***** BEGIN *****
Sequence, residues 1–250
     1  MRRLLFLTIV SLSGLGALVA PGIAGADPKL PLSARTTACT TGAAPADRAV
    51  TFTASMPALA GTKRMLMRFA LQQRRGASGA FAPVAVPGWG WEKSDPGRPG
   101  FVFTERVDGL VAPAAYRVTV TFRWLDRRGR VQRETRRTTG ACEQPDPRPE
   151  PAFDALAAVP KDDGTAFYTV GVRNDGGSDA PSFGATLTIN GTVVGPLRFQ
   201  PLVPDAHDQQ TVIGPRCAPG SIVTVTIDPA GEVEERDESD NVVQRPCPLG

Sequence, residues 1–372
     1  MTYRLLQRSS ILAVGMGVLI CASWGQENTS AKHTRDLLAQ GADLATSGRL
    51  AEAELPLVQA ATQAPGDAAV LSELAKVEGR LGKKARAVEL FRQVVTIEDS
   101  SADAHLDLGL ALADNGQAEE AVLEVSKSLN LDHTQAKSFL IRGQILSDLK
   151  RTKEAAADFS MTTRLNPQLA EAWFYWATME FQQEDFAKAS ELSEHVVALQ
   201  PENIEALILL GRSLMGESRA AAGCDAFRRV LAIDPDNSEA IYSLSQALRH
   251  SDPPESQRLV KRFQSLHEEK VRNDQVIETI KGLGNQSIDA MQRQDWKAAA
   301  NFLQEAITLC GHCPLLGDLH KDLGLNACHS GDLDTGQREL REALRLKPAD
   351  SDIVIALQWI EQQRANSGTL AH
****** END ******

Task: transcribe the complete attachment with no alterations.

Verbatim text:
Sequence, residues 1–250
     1  MRRLLFLTIV SLSGLGALVA PGIAGADPKL PLSARTTACT TGAAPADRAV
    51  TFTASMPALA GTKRMLMRFA LQQRRGASGA FAPVAVPGWG WEKSDPGRPG
   101  FVFTERVDGL VAPAAYRVTV TFRWLDRRGR VQRETRRTTG ACEQPDPRPE
   151  PAFDALAAVP KDDGTAFYTV GVRNDGGSDA PSFGATLTIN GTVVGPLRFQ
   201  PLVPDAHDQQ TVIGPRCAPG SIVTVTIDPA GEVEERDESD NVVQRPCPLG

Sequence, residues 1–372
     1  MTYRLLQRSS ILAVGMGVLI CASWGQENTS AKHTRDLLAQ GADLATSGRL
    51  AEAELPLVQA ATQAPGDAAV LSELAKVEGR LGKKARAVEL FRQVVTIEDS
   101  SADAHLDLGL ALADNGQAEE AVLEVSKSLN LDHTQAKSFL IRGQILSDLK
   151  RTKEAAADFS MTTRLNPQLA EAWFYWATME FQQEDFAKAS ELSEHVVALQ
   201  PENIEALILL GRSLMGESRA AAGCDAFRRV LAIDPDNSEA IYSLSQALRH
   251  SDPPESQRLV KRFQSLHEEK VRNDQVIETI KGLGNQSIDA MQRQDWKAAA
   301  NFLQEAITLC GHCPLLGDLH KDLGLNACHS GDLDTGQREL REALRLKPAD
   351  SDIVIALQWI EQQRANSGTL AH